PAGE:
PHOENIX—The Lodging Conference kicked off this morning with a handful of forecasts that weren’t at all spooky to hoteliers, many of whom are concerned that the pace of growth will slow considerably.
Bernard Baumohl, chief global economist, The Economic Outlook Group, LLC, offered some reasons for optimism in dissecting the overall economy.
He pointed out his company is expecting the U.S. economy to grow between 2 and 3 percent over the next two years through 2019. Baumohl attributed much of that projected spike to a build up of domestic demand in the U.S. as well as an economic rebound overseas. “Together they will provide I think a very good springboard for how the U.S. economy is going to perform over the course of the next two years,” he said.
Baumohl pegged the probability of a recession going forward at no more than 25 percent. He further added that he sees “this economic growth continuing whether or not we’re going to have a tax cut.”
He also delivered what he referred to as “quite intriguing”news when it comes to inflation. “We see the rate of inflation, consumer prices,still being very tame over the course of the next two years. It’s largely because there are some fundamental structural changes that have taken place that have altered the dynamics of shaping inflation. This is not just a U.S. pattern, we’re seeing this pattern all over the world,” said Baumohl.
Driven in part by the low inflation, the economist also maintained that interest rates should not pose a serious problem.
He also noted good news is far as interest rates. “As a result of that we expect interest rates—both short term and long term rates—to inch up slowly and ultimately I think it will peak out at levels much lower than historical patterns, “ said Baumohl.
He did further explain that there are two major caveats to the aforementioned predictions. The first is the potential for a war in the Korean peninsula and secondly the assumption that the appointment of the next Federal Reserve Chief by President Trump will be someone who believes in gradually raising interest rates.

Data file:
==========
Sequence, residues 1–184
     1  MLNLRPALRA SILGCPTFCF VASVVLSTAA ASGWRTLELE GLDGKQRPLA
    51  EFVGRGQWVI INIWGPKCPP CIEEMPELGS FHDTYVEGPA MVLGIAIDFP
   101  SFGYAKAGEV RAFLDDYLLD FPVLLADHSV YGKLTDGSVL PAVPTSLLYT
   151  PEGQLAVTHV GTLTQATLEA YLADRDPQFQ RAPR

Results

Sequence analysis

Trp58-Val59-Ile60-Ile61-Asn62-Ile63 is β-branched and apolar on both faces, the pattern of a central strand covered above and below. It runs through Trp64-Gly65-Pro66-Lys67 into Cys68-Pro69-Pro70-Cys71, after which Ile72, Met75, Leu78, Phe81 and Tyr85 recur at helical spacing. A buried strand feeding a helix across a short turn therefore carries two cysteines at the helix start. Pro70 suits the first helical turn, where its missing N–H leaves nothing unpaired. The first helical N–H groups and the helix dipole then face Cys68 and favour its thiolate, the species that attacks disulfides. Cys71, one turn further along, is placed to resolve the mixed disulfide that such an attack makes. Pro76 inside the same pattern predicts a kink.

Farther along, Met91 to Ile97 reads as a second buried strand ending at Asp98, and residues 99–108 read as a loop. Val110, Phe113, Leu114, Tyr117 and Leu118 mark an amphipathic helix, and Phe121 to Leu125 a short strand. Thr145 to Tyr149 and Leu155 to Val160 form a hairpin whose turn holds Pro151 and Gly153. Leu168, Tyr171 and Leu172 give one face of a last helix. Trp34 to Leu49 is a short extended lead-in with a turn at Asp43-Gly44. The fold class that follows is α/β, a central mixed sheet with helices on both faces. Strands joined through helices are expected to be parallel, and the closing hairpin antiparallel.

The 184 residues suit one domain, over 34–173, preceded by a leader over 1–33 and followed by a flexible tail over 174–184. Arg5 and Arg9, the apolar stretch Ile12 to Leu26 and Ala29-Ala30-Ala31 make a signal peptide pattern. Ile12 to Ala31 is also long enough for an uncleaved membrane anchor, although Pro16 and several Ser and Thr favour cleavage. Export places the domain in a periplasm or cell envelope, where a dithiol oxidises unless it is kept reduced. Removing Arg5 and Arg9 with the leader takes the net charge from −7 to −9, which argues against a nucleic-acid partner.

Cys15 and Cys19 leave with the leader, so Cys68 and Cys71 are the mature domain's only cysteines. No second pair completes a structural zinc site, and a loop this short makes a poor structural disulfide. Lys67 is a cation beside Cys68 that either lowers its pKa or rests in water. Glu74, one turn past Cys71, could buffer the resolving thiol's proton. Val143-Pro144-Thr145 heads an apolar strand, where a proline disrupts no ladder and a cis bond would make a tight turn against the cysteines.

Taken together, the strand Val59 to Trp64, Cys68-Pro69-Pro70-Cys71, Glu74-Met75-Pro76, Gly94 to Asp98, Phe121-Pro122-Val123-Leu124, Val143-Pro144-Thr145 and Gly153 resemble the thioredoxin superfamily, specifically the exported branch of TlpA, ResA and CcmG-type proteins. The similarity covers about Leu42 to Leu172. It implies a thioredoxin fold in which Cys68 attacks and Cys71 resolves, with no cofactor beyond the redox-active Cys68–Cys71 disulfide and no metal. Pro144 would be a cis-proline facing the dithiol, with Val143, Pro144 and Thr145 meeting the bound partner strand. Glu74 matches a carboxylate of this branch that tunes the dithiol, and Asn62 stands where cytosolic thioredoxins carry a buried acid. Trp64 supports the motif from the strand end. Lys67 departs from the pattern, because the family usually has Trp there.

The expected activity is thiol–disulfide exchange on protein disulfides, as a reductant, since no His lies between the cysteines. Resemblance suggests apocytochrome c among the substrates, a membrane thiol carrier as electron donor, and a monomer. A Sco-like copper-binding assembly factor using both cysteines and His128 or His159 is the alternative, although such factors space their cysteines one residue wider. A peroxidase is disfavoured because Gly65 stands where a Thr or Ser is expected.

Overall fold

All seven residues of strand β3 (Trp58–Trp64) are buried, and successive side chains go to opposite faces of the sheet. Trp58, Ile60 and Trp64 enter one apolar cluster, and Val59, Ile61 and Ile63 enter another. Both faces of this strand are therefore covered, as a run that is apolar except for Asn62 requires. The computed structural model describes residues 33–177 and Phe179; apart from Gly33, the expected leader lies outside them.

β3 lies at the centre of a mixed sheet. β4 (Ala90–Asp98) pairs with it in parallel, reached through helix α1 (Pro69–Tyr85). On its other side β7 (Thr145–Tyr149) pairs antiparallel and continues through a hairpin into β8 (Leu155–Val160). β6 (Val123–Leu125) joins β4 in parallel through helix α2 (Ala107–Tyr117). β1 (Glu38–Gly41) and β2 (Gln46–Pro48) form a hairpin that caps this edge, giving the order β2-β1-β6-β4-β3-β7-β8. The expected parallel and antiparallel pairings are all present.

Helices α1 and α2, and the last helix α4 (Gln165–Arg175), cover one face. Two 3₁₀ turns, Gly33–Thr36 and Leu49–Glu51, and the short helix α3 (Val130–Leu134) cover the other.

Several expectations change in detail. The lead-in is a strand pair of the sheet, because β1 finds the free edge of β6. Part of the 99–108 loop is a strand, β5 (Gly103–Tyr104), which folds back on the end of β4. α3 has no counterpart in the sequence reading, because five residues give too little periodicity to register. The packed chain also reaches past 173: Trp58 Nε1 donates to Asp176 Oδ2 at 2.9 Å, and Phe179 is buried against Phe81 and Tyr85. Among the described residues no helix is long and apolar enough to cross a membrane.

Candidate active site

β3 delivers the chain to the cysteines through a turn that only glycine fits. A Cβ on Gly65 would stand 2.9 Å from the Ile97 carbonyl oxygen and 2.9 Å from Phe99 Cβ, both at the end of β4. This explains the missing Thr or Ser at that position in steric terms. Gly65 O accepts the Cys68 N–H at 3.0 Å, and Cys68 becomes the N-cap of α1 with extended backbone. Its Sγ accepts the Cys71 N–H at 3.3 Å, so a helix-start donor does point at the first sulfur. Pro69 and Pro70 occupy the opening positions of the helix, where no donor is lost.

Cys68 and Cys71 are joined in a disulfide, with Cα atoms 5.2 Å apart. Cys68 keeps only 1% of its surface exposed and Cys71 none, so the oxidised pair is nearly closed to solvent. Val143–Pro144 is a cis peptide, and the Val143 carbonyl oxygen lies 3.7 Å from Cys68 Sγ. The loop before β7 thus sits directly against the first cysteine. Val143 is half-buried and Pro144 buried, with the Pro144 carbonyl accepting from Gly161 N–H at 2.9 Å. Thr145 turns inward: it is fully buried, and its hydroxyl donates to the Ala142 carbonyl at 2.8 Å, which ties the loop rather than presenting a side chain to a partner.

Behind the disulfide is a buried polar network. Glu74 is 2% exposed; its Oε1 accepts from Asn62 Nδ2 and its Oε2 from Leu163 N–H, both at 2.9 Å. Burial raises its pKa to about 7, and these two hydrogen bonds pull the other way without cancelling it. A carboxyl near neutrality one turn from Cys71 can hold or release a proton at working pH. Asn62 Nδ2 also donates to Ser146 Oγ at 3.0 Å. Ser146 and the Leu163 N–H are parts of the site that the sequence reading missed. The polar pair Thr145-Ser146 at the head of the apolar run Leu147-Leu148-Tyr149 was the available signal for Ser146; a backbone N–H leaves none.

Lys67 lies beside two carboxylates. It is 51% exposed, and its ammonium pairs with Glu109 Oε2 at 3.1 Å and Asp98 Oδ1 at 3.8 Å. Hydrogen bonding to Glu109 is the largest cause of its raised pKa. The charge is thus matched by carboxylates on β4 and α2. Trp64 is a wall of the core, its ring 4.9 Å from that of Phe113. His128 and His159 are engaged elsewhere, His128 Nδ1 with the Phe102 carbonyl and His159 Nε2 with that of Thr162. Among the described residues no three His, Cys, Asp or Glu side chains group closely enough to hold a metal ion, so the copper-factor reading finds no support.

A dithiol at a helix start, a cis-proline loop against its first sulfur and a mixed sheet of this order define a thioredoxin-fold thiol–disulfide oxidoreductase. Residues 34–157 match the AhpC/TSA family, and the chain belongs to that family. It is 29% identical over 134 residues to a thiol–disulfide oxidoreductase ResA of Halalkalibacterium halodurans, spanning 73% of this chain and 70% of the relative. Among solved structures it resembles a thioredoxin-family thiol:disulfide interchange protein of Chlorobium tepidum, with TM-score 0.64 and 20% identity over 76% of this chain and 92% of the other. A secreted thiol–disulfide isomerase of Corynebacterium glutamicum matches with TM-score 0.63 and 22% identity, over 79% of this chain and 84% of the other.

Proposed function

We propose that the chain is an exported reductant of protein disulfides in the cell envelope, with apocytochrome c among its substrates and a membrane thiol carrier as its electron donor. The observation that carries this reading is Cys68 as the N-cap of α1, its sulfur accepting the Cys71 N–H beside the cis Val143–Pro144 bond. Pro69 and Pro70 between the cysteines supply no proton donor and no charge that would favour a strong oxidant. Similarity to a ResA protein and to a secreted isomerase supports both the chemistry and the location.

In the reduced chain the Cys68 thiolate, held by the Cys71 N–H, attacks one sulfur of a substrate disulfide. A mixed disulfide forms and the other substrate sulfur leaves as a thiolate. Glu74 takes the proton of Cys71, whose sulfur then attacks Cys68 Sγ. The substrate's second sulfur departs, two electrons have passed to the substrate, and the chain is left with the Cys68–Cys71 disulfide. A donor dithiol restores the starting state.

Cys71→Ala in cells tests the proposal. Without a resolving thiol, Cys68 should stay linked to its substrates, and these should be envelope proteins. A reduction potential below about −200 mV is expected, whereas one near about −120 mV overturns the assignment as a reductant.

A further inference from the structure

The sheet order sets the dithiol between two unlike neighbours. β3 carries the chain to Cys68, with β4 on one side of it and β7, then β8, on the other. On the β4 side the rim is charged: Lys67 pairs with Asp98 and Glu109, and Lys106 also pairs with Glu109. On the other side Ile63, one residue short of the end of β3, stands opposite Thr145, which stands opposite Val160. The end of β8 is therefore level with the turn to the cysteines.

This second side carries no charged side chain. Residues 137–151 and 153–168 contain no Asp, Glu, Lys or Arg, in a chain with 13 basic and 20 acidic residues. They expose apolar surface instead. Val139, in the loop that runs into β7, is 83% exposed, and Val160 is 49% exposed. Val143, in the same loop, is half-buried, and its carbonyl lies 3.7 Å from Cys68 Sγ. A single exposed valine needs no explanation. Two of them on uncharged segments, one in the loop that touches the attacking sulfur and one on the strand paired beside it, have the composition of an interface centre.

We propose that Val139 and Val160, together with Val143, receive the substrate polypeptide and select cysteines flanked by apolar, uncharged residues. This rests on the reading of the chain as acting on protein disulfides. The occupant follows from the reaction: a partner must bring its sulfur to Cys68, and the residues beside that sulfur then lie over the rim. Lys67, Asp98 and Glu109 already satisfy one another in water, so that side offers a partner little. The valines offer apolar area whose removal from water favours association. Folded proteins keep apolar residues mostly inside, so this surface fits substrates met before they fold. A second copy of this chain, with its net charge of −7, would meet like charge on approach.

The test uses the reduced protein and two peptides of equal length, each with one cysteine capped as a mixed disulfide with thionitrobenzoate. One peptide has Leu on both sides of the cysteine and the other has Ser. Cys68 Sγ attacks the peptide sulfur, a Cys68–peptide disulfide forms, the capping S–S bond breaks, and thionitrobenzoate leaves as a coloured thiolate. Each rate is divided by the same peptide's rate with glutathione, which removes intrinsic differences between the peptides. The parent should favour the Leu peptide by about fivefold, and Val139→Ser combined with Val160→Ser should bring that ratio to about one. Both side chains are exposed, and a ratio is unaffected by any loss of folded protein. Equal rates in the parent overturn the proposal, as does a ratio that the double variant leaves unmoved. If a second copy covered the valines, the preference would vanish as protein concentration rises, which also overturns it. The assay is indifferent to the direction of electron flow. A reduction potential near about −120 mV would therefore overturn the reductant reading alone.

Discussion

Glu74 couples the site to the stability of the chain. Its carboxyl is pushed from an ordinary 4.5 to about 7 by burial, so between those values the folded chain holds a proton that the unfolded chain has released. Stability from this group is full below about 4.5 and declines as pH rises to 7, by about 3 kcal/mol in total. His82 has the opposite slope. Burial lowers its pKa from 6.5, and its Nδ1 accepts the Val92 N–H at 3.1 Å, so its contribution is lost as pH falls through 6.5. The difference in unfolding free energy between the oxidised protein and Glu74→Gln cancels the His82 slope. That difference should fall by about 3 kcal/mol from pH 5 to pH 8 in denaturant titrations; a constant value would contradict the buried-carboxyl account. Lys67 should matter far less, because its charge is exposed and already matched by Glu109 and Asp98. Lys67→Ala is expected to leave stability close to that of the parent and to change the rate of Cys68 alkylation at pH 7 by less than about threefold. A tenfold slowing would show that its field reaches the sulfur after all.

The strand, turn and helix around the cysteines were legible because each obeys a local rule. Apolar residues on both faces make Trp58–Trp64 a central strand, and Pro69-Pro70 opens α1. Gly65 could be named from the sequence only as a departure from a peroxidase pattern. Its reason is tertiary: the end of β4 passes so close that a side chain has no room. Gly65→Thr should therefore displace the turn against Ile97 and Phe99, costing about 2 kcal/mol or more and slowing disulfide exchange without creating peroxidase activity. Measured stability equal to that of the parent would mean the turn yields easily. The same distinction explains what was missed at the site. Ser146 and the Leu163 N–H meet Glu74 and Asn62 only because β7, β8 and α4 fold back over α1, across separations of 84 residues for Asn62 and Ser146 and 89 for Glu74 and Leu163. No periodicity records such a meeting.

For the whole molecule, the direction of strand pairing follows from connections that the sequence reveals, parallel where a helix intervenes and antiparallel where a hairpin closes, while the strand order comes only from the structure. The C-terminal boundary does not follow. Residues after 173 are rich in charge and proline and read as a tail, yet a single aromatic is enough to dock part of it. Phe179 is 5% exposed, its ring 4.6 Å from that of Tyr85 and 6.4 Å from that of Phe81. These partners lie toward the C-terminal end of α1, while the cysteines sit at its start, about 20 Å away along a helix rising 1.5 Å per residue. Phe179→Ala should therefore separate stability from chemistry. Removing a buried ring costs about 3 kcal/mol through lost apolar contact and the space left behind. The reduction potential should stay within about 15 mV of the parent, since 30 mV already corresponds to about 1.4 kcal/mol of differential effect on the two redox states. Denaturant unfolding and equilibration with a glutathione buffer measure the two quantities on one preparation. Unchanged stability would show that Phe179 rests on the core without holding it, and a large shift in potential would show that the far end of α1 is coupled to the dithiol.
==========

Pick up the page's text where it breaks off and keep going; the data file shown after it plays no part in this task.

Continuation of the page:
Baumohl concluded by reiterating some of his earlier points. “When I look over the next 24 months we do expect to see stronger economic activity with inflation and interest rates really remaining quite tame,” he said, adding companies should have contingency plans in place to “mitigate losses” in the case of any geopolitical shock or disruption.
Meanwhile, Ali Hoyt, senior director, consulting and analytics, STR, provided a similarly positive update more specific to the hospitality sector. She noted, “For 2017 demand growth has really exceeded our expectations for continuing to outpace new supply.” She further added, “we expected demand to start trailing supply this year but we’ve pushed those projections forward.”
Hoyt pointed out that supply development cycle has experienced a much slower pace than previous cycles and remains below 2 percent on a trailing 12-month basis.
Hoyt did acknowledge there has been a lack of rate growth,particularly considering the peak occupancy level the industry has seen with 28 consecutive months of better than 65 percent. “Over the past 36 months we’ve seen rate growth slow from 4.5 percent to just about 2 percent on a trailing12-month basis. Certainly a contributing factor to that is the lack of transient pricing power that we’ve seen recently at upper-tier hotels,” she said.
Hoyt added she expects “modest RevPAR growth to continue for the next 3 months.” Thus far this year the industry has had RevPAR growth of 2.6 percent through September.
Hoyt concluded by conceding, “For 2018 we are forecasting supply to start outpacing demand causing a slight dip in occupancy.”